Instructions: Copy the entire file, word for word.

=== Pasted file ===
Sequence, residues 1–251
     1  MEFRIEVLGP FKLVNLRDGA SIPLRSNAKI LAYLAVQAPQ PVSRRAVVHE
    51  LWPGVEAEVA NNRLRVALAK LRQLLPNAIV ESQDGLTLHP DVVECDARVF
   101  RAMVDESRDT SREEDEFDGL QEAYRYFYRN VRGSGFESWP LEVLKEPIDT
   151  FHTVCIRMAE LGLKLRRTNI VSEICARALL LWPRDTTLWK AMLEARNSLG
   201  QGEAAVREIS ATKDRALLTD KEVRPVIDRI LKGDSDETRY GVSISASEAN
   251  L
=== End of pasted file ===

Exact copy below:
Sequence, residues 1–251
     1  MEFRIEVLGP FKLVNLRDGA SIPLRSNAKI LAYLAVQAPQ PVSRRAVVHE
    51  LWPGVEAEVA NNRLRVALAK LRQLLPNAIV ESQDGLTLHP DVVECDARVF
   101  RAMVDESRDT SREEDEFDGL QEAYRYFYRN VRGSGFESWP LEVLKEPIDT
   151  FHTVCIRMAE LGLKLRRTNI VSEICARALL LWPRDTTLWK AMLEARNSLG
   201  QGEAAVREIS ATKDRALLTD KEVRPVIDRI LKGDSDETRY GVSISASEAN
   251  L